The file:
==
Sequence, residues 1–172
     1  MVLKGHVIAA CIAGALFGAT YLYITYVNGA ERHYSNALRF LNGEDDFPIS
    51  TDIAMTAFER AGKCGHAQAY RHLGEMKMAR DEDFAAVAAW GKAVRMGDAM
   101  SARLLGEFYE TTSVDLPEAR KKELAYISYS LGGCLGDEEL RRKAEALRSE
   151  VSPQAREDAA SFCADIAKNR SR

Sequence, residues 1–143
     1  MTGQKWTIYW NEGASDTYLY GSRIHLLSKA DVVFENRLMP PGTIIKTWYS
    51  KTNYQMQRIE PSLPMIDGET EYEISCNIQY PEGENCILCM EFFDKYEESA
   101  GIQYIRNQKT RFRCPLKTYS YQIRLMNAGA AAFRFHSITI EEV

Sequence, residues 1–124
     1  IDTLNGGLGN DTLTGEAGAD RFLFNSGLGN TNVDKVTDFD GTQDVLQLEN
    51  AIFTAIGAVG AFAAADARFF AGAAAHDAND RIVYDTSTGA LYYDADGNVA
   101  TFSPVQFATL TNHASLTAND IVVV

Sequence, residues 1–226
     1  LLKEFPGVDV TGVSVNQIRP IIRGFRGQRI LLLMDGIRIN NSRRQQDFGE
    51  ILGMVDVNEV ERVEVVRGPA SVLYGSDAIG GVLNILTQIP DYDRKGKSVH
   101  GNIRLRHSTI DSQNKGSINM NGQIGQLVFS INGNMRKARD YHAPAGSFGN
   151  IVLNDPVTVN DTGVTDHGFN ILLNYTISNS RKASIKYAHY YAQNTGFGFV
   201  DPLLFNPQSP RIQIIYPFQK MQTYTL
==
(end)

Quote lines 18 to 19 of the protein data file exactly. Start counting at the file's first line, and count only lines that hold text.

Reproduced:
   151  IVLNDPVTVN DTGVTDHGFN ILLNYTISNS RKASIKYAHY YAQNTGFGFV
   201  DPLLFNPQSP RIQIIYPFQK MQTYTL